Saturday, March 05, 2005

“I’m not the same as when I began”

I think even Jesse himself feels that his move from band member to solo singer-songwriter has changed his musical direction, but I’m afraid that I just don’t feel that change at all. When I heard PCP Highway, when I heard Bellvue, & when I heard the 169 EP, everything just naturally connected back to that first D Generation album for me. The subjects, the heartfelt passion & the attitude was exactly the same. In fact, the first time I heard the 169 EP I just thought that this is what 'No Way Out' would have sounded like when it was first strummed out & worked out by the band, before they added all the electric guitars and drums. It was like listening to the bare bones of the songs before any of the fleshing out had took place, & as a big fan I found that very exciting. I think Jesse performing 'Capital Offender' acoustically bears this theory out.

I accept that Jesse’s music has moved on to a higher standard, particularly lyrically, but to me, the sentiments & emotions are just the same. I think Bellvue’s To Be Somebody could have easily been the fourth D Generation album; it included songs like ‘Downliner’, ‘Basement Home’ & ‘Brooklyn’, all of which have since become what are considered to be Jesse Malin classics. I feel it’s a big thing for Jesse to have dumped the big hair & big shoes, & if that helps him to sell to a wider audience then that’s great. I want him to be successful & to be able to continue to keep producing great music. But I also feel that the image, the stage interpretation of the music, & the album sleeves are just as valid forms of art as the songs themselves. Of course I would trade all those things for the music every time. But what I’m saying is that D Generation’s debut album sleeve would sit very nicely as the cover art work for 'New World Order'. It just wouldn’t do Jesse’s sales figures much good… Jesse hasn’t changed as much as you might think. I don’t think he could if he wanted to. He’s too passionate & honest to be able to do that effectively…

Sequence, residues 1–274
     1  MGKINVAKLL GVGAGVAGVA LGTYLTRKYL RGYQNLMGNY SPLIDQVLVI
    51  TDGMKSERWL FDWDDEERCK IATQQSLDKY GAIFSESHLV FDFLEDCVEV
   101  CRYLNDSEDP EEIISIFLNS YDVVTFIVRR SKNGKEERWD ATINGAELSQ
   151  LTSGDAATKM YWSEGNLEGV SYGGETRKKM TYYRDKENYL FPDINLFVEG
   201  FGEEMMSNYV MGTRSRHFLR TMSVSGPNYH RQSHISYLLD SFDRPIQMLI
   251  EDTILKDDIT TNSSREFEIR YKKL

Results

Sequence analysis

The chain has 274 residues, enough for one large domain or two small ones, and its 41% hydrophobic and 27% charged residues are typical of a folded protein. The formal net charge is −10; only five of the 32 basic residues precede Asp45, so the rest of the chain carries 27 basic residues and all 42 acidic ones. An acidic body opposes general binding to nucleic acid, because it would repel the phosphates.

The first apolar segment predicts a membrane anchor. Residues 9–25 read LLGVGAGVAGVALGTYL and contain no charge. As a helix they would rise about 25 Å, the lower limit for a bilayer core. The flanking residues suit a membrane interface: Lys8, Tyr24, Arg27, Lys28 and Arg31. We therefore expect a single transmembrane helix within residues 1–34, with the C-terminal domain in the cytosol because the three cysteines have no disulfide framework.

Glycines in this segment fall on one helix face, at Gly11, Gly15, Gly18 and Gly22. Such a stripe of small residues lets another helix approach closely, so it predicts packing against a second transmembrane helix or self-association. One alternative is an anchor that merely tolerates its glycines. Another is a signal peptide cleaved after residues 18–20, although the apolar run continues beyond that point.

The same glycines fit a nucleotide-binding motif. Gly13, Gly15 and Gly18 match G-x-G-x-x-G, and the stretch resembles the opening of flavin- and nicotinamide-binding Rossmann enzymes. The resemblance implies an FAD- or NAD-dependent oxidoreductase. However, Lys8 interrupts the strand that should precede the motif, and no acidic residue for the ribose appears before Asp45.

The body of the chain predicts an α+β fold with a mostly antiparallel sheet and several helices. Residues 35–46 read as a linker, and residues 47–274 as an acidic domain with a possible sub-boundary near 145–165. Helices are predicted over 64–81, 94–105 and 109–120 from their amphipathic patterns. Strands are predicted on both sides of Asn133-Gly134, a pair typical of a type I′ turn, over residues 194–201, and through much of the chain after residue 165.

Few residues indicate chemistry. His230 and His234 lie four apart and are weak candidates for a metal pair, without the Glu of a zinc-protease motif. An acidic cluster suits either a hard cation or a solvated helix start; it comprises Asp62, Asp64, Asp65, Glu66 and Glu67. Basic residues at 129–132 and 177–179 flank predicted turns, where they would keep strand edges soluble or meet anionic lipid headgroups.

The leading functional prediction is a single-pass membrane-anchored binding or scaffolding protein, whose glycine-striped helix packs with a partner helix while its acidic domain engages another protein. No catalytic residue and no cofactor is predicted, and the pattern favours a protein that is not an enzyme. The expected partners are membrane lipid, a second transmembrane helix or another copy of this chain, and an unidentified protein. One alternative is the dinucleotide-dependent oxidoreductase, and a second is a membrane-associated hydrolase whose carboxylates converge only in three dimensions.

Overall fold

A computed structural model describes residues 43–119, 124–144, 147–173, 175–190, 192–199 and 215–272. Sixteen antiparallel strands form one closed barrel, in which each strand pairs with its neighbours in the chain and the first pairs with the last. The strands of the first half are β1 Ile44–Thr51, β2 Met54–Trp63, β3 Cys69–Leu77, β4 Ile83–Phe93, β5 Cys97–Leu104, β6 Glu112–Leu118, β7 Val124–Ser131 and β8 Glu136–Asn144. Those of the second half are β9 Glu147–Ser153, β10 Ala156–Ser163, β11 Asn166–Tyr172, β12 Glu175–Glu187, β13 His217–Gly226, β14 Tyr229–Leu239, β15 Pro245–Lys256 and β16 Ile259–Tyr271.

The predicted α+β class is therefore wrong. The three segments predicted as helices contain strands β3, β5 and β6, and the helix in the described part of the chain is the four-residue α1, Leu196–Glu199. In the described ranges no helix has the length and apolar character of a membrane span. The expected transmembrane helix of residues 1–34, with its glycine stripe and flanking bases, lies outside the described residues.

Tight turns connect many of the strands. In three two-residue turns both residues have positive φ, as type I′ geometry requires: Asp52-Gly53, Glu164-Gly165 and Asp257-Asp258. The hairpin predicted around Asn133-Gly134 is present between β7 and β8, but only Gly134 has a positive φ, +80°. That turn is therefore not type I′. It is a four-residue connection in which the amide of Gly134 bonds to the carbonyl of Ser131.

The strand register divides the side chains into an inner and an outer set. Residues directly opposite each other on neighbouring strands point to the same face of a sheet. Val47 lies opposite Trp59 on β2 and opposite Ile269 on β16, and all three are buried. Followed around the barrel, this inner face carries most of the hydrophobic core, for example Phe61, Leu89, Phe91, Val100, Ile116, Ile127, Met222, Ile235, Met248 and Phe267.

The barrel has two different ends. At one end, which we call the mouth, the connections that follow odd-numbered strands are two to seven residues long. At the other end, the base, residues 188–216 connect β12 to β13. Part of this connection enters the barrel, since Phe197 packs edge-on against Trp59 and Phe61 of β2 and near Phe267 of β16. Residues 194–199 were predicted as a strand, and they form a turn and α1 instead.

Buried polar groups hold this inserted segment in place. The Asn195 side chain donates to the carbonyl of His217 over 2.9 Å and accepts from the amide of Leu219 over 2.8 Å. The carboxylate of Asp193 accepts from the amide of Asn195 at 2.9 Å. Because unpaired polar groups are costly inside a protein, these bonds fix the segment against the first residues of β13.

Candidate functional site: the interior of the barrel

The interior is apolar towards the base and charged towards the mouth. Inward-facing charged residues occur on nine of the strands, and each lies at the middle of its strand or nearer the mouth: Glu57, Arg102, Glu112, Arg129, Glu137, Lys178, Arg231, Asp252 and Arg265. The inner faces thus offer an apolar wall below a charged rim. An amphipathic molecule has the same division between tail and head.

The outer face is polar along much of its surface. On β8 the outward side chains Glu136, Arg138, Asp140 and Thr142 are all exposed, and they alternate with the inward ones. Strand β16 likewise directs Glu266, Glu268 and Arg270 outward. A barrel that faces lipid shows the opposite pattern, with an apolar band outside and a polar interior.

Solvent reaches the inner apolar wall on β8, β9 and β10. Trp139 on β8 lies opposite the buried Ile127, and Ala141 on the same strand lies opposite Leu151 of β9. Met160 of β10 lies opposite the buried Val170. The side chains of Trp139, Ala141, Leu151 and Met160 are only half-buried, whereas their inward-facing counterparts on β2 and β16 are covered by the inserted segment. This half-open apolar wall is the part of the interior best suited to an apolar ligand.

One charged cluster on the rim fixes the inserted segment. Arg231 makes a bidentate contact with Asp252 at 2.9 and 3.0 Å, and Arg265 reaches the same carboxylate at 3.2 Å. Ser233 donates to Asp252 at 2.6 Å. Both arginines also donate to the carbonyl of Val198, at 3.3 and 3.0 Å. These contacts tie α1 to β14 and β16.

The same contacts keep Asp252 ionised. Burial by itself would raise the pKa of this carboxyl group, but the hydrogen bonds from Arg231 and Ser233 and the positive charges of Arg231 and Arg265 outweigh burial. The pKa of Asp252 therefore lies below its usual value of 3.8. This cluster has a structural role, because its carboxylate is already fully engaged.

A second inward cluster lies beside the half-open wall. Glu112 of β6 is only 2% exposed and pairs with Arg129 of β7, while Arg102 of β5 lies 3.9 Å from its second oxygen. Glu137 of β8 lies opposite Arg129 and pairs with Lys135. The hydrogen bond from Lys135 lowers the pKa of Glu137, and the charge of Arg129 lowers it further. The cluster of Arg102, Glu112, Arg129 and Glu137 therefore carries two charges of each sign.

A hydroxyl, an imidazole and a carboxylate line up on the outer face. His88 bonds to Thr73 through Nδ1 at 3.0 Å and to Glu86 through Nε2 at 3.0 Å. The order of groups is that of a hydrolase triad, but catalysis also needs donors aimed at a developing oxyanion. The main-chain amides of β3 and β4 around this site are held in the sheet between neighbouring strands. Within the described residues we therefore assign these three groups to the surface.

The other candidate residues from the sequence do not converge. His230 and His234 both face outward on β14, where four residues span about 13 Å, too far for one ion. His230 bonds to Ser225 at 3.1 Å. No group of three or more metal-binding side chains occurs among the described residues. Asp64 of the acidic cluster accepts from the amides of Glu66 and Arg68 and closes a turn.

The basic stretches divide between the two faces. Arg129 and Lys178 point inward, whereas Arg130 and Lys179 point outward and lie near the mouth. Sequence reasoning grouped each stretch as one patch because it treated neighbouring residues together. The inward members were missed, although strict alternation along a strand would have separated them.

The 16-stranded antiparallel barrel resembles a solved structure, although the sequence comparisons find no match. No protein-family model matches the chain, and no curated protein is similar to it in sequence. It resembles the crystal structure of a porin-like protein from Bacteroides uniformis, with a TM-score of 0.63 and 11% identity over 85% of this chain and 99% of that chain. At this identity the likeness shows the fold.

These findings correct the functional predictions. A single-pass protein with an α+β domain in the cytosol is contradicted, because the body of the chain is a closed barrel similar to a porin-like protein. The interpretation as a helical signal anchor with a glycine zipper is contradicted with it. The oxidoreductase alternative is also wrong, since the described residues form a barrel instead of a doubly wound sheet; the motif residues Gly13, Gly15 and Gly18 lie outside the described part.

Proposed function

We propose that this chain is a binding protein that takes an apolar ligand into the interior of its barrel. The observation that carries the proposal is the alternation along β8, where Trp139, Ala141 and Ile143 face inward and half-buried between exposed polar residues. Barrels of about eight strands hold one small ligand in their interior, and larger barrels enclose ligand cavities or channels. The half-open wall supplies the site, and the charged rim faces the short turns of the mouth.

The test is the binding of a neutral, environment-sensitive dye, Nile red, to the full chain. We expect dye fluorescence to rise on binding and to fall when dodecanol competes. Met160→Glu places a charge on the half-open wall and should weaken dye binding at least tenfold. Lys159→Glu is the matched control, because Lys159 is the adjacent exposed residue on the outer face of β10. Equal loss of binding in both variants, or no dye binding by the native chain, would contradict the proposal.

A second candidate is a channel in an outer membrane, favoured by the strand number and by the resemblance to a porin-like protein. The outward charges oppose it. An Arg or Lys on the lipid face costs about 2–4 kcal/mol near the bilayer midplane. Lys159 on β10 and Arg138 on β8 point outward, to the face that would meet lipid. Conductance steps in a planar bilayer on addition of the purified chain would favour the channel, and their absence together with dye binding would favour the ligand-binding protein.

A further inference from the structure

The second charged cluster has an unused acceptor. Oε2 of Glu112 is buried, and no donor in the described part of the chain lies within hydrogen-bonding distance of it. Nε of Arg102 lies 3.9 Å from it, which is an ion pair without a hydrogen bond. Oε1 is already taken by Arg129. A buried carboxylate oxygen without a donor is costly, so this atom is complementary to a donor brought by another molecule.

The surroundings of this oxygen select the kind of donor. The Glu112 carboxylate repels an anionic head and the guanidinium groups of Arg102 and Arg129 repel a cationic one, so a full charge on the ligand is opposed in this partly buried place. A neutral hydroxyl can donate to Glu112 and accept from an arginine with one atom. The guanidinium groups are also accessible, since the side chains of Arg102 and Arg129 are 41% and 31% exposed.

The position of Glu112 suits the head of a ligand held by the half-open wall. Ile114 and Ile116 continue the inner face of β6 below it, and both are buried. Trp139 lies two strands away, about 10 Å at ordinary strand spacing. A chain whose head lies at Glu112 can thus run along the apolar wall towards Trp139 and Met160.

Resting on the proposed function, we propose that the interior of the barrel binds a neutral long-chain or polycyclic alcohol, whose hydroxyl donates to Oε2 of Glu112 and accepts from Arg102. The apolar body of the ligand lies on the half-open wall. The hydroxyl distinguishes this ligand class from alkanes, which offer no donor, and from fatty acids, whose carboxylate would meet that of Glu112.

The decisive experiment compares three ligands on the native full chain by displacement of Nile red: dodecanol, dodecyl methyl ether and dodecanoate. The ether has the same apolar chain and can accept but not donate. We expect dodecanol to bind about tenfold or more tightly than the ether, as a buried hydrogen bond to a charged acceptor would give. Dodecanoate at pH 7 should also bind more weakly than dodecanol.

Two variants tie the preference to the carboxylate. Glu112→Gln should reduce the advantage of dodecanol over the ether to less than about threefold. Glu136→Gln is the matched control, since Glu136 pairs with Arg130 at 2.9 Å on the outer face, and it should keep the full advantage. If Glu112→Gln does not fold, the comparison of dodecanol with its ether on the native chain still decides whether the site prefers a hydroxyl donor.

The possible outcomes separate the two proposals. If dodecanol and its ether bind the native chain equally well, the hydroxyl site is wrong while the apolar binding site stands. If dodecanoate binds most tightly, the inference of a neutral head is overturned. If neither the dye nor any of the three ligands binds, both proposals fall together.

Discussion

I guess I just miss the ability to be able to go to a Jesse show & have a good old bop to some of my all time favourite songs without people thinking I’ve just been let out of the lunatic asylum. Or worse still, thinking that I don’t belong at a Jesse show if I want to react to his music in that manner!

"You never listen to a word that I said
You only see me for the clothes that I wear
Or did the interest go much deeper
It must have been the colour of my hair
Public Image"

Friday, March 04, 2005

The Fine Art Of Self Destruction

My brother died on Tuesday… Pretty dark subject I know, but I think talking about it can only help. I was 10 years old when I wrote what I think was the first poem I ever wrote down, that is, I got the words out of my head & put them on to paper… Don’t panic, I’m not going to get all emotional and write some soppy poem about all my grief, it’s just that that first poem was called ‘My Brother’. I don’t even have those words any more, & I can’t remember them. Basically, he was 11 years older than me, he was a builder by trade but also an artist in all the work that he produced... he didn't just build, he created things with feeling and passion. He loved motorbikes (he rode a Harley & a Ducati) & fine clothes. If you ever see me wearing any decent clothes then they’ll be what he gave to me. He was very generous. He didn’t like much Rock’n’Roll beyond Rod Stewart but he did understand the importance of Rock’n’Roll in my life enough to drive out to Nottingham’s Rock City at 2am in the morning just to pick me & my friends up from our first proper Ramones show when we were all too young to drive (and too young to be at Rock City!).

There are too many great lines from poems & songs to choose just one to sum up the way I feel… So all I’d like to say is, “you are always in my thoughts & my heart with love, John Alexander Smith XXXXX”